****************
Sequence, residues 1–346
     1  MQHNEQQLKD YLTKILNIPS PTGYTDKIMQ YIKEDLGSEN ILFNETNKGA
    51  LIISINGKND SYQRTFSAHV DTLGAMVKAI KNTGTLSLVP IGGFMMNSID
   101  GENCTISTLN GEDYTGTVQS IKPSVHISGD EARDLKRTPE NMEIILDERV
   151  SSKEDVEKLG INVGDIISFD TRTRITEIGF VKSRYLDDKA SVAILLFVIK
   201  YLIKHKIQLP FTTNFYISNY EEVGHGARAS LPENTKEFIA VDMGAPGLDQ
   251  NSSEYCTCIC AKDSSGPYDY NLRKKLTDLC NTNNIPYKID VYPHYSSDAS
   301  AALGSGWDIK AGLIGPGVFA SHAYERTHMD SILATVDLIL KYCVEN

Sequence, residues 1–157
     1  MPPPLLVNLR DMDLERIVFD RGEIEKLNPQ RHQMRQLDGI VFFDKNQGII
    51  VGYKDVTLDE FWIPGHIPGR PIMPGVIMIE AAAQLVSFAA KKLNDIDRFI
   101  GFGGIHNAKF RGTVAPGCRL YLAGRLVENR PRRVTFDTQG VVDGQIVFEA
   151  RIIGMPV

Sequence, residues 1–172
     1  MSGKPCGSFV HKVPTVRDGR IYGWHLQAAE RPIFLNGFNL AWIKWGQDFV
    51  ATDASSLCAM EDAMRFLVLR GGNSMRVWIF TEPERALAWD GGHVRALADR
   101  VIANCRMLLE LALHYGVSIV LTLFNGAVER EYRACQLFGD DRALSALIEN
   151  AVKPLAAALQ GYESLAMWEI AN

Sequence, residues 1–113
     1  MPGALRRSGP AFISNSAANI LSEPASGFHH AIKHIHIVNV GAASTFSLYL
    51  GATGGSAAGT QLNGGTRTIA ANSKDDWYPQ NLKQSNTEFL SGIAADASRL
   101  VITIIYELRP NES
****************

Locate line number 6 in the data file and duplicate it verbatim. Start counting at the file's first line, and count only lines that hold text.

   201  YLIKHKIQLP FTTNFYISNY EEVGHGARAS LPENTKEFIA VDMGAPGLDQ